The Canterbury Tales are really in their underlying design an exposition of chivalrous sentiment, thrown into relief by contrast with its opposite. The spirit of chivalry is the vital air of all Chaucer’s creations, the rain, the wind, and the sun which have quickened their germ and fostered their growth. We to whom the chivalrous spirit, at least in the fantastic developments of its vigorous mediaeval youth, is an historical thing are apt to overlook this. There is so much on the surface of Chaucer’s poems, such vivacity of movement, such tender play of feeling, such humour , such delight in nature, in green leaves and sweet air, sunshine and bird singing, that few of us care to look beneath. The open air, on the breezy hillside or by the murmuring brook, seems the only proper atmosphere for such a poet. There, no doubt, with sun and wind contending playfully to divert us from the printed pages, there perhaps more than anywhere else. Chaucer is a delightful companion; but it is the duty of the dry-as-dust critic to remind us the Chaucer’s sweet verses were first read under wholly different conditions, in tapetried chambers, to the gracious ear of embroidered lords and ladies. It was from such an audience that Chaucer received in a vapour what he poured back in a flood. This is the secret of his exquisite courtliness of phrase, his unfailing tone of graceful deference, his protestations of ignorance and lack of cunning, his tender handling of woeful love-cases, the gentle playfulness of his satire, the apologetic skill with which he introduces a broader and more robust humanity into his verse. If you place yourself within the circle for which the poet wrote, you see the smile play on sweet lips as he proceeds; you see the tear gather in the eye; you see the needle laid aside, as the mind of the fair listener is transported to the poet’s flowery mead, or plied more briskly as she bends over her work to conceal her laughter at his more vulgar adventures. It was because Chaucer wrote for such an audience that his picture of the life of the time, various and moving as it is, is so incomplete on one side.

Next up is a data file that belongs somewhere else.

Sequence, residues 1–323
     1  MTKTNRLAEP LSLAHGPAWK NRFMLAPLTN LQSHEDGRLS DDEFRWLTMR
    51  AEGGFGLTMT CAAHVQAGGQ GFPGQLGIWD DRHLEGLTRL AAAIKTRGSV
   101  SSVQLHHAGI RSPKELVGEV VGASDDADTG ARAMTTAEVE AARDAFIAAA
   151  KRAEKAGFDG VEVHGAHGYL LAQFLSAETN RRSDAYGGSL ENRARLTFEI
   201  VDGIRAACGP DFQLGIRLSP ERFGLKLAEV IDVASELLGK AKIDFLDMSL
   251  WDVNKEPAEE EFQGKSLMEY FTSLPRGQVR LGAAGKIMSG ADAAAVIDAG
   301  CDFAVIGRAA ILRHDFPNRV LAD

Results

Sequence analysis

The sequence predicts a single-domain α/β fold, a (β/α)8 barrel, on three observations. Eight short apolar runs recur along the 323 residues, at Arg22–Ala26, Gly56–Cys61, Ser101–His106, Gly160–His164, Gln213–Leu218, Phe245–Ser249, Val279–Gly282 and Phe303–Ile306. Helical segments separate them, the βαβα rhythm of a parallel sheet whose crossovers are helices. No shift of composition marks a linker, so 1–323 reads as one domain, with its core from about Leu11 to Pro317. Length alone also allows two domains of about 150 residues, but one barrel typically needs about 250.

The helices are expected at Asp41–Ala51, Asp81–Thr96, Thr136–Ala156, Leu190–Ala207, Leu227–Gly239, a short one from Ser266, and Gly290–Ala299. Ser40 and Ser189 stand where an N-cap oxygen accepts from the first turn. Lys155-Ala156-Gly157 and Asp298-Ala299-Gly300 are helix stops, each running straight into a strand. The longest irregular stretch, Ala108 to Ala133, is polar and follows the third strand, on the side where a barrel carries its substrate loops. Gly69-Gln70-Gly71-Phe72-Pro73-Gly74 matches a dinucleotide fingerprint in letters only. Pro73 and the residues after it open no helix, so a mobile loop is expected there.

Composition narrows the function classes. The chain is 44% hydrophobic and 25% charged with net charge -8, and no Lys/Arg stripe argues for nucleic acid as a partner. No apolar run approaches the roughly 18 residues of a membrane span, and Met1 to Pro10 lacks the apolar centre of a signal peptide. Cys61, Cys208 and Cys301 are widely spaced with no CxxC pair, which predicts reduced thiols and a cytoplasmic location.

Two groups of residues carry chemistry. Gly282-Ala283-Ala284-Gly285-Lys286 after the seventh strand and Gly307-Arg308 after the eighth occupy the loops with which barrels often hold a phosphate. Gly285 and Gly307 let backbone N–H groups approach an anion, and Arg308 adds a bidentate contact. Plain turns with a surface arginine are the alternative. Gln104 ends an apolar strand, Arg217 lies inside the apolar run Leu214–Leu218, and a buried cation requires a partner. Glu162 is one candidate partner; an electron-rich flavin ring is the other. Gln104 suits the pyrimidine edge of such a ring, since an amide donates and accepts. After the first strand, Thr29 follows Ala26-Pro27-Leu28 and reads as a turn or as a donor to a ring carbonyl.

There was more than romancing in green fields and Canterbury pilgriming in the traveled times in which Chaucer lived; there were wars, plague, insurrections, much misery and discontent. But for the disagreeable side of the 14th century we must go to the writer of Piers the Plowman; we find little trace of it in Chaucer. The outside of the walls of the Garden of Mirth is painted with horrible and squalid figures, -- Ire, Envy, Covetice, Avarice, Felony, Villany, Sorrow, Eld, and Poverty; but no such figures are admitted within the gates; the concierge is idleness; the chief inmates are Love, Sweetlooking, Beauty, Richesse, Largesse, Franchise, and Courtesy; and Mirth and Gladness are the master and mistress of the ceremonies.